The Economics of Slavery

Overview

How are economists and historians to explain what happened in history? What statistical inferences can be drawn from historical data? The authors believe that explanation in history can be identified with the problems of prediction in a probabilistic universe. Using this approach, the historian can act upon his a priori information and his judgment of what is unique and particular in each past event, even with data hitherto considered to be intractable for statistical treatment. In essence, the book is an ...

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Overview

How are economists and historians to explain what happened in history? What statistical inferences can be drawn from historical data? The authors believe that explanation in history can be identified with the problems of prediction in a probabilistic universe. Using this approach, the historian can act upon his a priori information and his judgment of what is unique and particular in each past event, even with data hitherto considered to be intractable for statistical treatment. In essence, the book is an argument for and a demonstration of the point of view that the restricted approach of "measurement without theory" is not necessary in history, or at least not necessary in economic history.

After two chapters of theoretical introduction, the authors explore the meanings and implications of evidence, explanation and proof in history by applying econometric methods to the analysis of three major problems in 19th century economic history--the profitability of slavery in the antebellum South, income growth and development in the United States during the 1800's, and The Great Depression in the British economy; also included is a postscript on growth reassessing some current arguments in the light of the findings of these papers.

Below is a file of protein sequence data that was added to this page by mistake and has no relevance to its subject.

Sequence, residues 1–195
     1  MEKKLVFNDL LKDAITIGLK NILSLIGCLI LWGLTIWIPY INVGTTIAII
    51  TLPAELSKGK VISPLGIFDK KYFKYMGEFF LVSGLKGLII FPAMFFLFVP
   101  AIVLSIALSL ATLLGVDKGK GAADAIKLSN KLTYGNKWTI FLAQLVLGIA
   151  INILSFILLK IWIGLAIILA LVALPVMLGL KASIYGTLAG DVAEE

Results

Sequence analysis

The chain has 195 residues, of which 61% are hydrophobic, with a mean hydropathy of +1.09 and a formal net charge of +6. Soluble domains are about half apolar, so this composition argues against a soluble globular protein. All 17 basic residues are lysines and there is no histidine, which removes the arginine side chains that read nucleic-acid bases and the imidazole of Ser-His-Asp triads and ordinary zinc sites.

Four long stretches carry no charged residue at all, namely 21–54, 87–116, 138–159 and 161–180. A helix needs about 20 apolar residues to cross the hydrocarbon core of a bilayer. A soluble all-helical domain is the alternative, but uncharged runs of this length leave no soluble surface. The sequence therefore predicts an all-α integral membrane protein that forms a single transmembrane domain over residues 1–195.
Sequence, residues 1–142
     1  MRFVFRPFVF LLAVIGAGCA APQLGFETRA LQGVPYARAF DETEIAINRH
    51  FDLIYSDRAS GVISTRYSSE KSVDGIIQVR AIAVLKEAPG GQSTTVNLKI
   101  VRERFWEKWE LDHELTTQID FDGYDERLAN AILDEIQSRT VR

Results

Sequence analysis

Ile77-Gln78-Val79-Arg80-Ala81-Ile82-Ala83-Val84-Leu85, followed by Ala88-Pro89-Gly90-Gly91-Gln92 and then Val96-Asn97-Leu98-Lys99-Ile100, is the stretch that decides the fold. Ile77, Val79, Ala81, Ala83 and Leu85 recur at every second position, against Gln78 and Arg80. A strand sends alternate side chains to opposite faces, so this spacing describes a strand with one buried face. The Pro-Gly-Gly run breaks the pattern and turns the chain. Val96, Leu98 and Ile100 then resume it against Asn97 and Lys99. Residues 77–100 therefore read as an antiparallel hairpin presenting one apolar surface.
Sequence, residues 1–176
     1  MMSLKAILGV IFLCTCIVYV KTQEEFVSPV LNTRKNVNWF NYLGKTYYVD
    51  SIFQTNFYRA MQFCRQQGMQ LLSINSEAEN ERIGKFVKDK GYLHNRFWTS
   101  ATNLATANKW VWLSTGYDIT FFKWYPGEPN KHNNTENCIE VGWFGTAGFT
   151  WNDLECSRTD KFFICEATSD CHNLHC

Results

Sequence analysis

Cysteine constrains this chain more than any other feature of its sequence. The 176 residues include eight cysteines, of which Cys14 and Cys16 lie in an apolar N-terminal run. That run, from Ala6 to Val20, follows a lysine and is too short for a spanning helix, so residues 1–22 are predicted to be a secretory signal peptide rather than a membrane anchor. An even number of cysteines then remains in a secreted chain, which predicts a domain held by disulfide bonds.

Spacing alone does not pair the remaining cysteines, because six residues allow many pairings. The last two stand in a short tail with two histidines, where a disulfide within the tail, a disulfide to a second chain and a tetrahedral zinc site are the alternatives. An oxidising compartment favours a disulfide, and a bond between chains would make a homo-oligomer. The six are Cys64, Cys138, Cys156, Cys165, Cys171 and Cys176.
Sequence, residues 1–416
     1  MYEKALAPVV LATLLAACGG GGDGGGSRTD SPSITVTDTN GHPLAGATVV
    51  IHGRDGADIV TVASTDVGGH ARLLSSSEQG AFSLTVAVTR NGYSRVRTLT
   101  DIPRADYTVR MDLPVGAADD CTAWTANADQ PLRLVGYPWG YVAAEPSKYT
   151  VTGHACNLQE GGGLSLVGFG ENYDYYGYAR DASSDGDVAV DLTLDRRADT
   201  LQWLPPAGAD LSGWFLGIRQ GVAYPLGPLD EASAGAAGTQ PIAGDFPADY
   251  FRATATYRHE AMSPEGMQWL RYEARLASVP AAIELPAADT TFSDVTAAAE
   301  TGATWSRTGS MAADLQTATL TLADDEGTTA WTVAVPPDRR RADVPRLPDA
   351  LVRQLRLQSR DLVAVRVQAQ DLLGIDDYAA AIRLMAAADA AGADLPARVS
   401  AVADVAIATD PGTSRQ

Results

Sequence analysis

The book presents an original and provocative approach to historical problems that have long plagued economists and historians and provides the reader with a new approach to these and similar questions.

Alfred H. Conrad is professor of business administration at Harvard University. Much of Conrad's work has appeared in professional journals.

John R. Meyer is James W. Harpel Professor of Capital Formation and Economic Growth emeritus at Harvard University. Meyer's books include The Investment Decision and Economics of Competition in the Transportation Industry. He has served as a board member and economic advisor for various businesses.

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Product Details

  • ISBN-13: 9780202309347
  • Publisher: Transaction Publishers
  • Publication date: 3/31/2007
  • Pages: 256
  • Product dimensions: 6.00 (w) x 9.00 (h) x 0.58 (d)

Table of Contents


1
Economic Theory, Statistical Inference, and Economic History     3
Statistical Inference and Historical Explanation     31
2
The Economics of Slavery in the Antebellum South     43
Statistical Appendix     85
Comment by Douglas F. Dowd and Reply by the Authors     93
Comment by John E. Moes and Reply by the Authors     99
Income Growth and Structural Change: The United States in the Nineteenth Century     115
An Input-Output Approach to Evaluating British Industrial Production in the Late Nineteenth Century     183
Sources and Methods     200
A Commentary on Hoffman's Historical Indices of British Industrial Production     206
Industry Components of the Sectors of the Input-Output Table     213
3
A Polemical Postcript on Economic Growth     223
Index of Names     237
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